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Fidelity Tax Advantage: Riding on Large Caps

A sturdy fund built with a large-cap and financial sector bias

This fund follows a go anywhere strategy with no market-cap, sector and style bias. However, on close analysis, there is a large-cap bias in the portfolio. The large-cap exposure has ranged from 57 to 70 per cent and has averaged 64 per cent, since the fund’s launch. And despite claims of no sector bias, there is preference to the financial services. The 20 per cent allocation to this sector since inception, stood at 27 per cent in September 2010. This has resulted in the fund being a stable performer with an average performance during market rallies and has managed to shield investors during market falls.

Justifying the higher exposure to financial services, Sandeep Kothari, equity fund manager, Fidelity Mutual Fund says, “Financial sector is a good proxy to the overall growth in the economy. But the sector does get impacted by the interest cycle, business cycle and the valuation cycles. Though I like the long-term fundamentals of the sector, we do increase or decrease our exposure to the sector depending on valuations and interest rate cycles.” The fund has largely stayed away from metals and construction, missing out on the 2007 and 2009 rally in these sectors. Kothari attributes the absence of metals to high valuations based on balance sheets of some of the larger player. “Construction is a working capital intensive business and understanding the cash flow cycle is essential and we tend to avoid companies with very high net working capital to sales in this sector,” he says.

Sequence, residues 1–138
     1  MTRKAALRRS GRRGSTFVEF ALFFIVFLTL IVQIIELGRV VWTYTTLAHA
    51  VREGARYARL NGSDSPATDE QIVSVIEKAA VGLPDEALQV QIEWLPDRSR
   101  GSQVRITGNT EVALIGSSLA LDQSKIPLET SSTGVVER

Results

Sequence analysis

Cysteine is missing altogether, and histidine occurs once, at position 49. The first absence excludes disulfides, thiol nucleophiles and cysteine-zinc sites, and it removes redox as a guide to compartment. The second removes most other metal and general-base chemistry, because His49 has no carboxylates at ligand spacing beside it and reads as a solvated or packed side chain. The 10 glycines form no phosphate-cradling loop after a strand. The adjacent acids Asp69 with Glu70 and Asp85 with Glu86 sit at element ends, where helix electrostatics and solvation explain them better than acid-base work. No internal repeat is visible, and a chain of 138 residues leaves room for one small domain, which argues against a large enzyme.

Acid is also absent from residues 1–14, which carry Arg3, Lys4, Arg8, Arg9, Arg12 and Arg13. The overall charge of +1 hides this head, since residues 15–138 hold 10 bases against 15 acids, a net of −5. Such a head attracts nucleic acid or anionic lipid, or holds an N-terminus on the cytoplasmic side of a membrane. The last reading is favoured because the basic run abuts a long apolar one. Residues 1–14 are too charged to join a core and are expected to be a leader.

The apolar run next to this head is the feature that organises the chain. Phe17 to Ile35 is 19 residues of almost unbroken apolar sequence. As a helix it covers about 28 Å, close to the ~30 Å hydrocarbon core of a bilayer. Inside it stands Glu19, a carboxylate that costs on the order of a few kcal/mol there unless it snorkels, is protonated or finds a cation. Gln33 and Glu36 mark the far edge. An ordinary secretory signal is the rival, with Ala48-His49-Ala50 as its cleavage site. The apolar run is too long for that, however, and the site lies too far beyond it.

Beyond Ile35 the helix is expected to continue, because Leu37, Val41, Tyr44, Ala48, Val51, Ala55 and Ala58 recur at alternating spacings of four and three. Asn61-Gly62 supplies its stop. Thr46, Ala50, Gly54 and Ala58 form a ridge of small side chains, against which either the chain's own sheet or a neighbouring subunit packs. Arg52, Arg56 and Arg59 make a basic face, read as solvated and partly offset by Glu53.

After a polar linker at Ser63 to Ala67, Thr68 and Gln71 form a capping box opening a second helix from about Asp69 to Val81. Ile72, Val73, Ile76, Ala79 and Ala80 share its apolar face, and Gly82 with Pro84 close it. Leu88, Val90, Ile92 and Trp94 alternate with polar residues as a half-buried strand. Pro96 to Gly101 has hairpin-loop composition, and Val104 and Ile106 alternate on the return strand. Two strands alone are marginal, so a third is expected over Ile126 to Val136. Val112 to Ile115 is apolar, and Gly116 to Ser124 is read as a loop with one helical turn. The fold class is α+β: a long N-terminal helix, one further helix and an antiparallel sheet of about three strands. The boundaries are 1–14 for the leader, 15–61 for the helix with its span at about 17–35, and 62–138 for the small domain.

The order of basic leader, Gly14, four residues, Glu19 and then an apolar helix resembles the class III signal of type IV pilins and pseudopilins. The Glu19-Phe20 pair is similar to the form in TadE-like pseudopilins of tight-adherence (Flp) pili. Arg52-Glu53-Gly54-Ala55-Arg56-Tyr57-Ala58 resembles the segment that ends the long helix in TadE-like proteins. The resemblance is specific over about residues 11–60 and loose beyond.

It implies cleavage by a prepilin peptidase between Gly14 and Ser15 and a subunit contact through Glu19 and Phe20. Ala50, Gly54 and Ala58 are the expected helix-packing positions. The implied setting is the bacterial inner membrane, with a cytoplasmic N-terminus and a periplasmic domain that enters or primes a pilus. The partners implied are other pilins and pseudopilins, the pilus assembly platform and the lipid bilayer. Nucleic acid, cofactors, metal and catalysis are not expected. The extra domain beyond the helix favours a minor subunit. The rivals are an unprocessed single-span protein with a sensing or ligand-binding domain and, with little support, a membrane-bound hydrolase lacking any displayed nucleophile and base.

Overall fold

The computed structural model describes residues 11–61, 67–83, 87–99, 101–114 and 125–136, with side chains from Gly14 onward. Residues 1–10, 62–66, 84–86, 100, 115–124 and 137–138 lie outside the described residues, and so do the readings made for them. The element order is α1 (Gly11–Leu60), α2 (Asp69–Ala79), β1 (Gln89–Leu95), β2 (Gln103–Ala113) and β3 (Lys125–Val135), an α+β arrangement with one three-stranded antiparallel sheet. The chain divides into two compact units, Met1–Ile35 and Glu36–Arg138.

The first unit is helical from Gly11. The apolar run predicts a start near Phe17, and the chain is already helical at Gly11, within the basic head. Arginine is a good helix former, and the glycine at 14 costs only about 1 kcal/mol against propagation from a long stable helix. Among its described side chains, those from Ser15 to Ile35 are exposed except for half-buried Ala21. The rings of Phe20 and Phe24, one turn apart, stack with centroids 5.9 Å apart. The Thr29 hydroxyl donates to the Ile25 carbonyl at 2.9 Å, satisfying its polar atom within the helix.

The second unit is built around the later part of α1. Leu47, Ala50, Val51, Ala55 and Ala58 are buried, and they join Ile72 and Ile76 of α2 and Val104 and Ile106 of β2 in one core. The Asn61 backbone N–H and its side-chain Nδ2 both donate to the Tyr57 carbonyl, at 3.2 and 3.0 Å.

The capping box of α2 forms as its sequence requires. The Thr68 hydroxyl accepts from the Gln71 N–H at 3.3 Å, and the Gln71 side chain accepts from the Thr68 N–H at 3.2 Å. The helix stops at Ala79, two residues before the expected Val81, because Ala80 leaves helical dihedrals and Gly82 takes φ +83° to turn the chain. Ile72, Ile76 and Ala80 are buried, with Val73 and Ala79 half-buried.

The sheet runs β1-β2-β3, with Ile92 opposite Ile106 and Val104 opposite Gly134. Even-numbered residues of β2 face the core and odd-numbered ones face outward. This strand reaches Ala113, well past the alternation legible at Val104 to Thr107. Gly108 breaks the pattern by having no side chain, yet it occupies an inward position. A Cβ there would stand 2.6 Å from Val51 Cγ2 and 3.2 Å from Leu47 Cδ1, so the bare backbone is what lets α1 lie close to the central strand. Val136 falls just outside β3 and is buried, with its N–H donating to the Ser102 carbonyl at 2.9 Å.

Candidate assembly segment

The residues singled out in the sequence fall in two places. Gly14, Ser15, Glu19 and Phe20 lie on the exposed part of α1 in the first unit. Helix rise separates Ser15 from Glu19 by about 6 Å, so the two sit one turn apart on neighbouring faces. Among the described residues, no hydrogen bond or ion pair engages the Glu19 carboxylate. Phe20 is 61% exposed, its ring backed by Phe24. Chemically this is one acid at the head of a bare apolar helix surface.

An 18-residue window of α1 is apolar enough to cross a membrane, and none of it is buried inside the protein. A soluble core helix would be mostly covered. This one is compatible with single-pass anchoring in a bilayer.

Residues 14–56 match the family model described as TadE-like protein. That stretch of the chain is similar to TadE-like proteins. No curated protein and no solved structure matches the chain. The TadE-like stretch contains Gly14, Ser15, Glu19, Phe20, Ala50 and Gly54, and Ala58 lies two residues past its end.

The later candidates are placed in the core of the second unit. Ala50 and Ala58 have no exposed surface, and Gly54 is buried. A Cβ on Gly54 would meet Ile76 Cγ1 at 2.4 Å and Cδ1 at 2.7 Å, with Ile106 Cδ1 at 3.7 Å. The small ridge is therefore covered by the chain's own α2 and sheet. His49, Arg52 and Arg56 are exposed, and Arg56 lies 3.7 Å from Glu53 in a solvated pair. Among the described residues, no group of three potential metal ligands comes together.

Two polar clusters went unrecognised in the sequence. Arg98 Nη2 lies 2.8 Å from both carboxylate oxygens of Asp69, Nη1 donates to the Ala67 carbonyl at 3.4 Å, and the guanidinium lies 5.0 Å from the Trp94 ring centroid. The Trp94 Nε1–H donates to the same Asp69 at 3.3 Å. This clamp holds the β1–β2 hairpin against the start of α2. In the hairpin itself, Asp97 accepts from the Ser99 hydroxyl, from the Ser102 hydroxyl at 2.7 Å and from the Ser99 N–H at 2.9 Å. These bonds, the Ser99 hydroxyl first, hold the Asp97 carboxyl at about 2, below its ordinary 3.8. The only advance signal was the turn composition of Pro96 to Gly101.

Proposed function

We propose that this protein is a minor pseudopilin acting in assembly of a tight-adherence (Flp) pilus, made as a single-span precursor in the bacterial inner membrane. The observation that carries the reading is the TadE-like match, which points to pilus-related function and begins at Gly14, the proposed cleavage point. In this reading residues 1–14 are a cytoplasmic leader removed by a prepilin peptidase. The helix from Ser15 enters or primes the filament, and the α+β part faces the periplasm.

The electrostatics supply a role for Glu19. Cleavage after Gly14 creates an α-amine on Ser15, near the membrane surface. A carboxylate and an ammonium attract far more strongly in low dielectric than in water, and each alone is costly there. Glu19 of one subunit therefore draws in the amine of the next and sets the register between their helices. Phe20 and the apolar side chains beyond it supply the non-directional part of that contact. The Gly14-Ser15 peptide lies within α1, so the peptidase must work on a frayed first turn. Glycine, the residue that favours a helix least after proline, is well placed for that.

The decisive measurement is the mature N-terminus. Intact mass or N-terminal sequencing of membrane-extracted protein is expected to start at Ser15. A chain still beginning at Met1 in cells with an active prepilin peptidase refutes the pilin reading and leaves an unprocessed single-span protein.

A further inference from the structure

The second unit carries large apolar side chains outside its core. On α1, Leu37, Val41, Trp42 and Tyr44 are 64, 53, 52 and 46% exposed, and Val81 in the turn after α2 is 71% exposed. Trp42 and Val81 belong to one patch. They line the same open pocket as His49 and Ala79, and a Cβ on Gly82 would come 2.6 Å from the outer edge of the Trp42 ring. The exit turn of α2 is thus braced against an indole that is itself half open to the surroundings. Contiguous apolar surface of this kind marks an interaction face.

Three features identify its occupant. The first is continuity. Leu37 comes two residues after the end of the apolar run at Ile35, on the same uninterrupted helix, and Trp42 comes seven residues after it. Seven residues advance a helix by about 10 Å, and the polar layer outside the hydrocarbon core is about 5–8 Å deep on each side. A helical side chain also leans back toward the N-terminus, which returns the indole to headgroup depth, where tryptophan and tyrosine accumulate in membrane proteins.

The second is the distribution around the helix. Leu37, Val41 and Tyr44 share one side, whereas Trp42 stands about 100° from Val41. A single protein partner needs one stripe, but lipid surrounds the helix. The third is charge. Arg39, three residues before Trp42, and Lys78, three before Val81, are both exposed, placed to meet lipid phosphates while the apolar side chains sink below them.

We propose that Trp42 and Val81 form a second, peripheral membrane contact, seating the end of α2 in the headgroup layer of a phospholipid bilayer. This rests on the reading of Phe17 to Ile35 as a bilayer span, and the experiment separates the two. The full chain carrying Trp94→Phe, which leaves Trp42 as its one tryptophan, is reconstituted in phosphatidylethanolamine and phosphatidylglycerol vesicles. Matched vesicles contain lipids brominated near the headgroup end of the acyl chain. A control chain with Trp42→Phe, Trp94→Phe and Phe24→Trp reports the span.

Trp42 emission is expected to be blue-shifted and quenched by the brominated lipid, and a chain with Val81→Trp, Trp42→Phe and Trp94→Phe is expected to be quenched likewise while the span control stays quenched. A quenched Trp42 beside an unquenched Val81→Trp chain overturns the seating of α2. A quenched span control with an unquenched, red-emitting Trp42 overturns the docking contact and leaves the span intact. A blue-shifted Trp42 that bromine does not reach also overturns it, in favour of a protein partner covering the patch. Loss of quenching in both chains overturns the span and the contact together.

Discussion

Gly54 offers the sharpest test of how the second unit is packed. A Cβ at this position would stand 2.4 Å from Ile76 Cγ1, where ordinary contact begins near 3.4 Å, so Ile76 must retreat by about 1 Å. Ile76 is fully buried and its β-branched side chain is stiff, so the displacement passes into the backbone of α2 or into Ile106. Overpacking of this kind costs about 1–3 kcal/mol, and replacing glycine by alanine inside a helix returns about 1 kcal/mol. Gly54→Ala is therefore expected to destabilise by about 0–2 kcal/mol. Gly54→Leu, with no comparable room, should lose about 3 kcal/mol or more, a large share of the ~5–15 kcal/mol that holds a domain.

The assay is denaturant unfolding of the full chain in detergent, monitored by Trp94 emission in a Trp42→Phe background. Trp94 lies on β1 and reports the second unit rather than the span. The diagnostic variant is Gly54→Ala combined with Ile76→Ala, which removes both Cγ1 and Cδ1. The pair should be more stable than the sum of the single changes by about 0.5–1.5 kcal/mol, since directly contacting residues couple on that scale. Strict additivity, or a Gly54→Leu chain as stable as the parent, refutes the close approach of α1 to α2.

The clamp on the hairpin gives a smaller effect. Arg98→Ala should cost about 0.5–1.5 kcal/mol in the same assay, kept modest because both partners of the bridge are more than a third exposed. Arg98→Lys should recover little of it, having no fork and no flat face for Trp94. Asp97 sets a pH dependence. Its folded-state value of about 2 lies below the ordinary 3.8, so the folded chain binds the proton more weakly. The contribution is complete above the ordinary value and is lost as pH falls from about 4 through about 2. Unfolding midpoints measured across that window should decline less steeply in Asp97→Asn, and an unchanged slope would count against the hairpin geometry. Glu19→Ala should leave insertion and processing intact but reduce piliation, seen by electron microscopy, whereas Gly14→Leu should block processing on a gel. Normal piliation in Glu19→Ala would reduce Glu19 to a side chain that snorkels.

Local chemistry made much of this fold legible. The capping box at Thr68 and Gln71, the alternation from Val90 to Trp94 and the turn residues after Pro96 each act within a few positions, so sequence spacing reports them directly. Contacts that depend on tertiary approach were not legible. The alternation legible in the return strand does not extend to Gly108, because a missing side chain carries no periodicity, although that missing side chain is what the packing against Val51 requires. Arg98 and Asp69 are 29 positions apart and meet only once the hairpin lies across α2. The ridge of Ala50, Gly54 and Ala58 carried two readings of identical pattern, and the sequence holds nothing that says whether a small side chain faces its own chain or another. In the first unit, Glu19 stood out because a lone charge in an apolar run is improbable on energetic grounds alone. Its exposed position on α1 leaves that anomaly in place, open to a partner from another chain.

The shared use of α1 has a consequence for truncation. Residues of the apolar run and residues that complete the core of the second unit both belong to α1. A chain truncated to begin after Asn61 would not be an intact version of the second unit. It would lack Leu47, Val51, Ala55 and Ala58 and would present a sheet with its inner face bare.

Our View
With a large-cap bias, one would expect a tight portfolio of few stocks in this fund; however, the fund diversifies its portfolio with 62 to 91 stocks, and currently has 63 stocks. The fund largely follows a buy and hold strategy with seven stocks, Larsen & Toubro, Reliance Industries, BHEL, HDFC Bank, ICICI Bank, SBI and Infosys Technologies finding a place in the portfolio since inception. The large-cap tilt and higher allocation to the financial services sector makes the fund sturdy, but it also means that investors have to be content with an average performance during market rallies.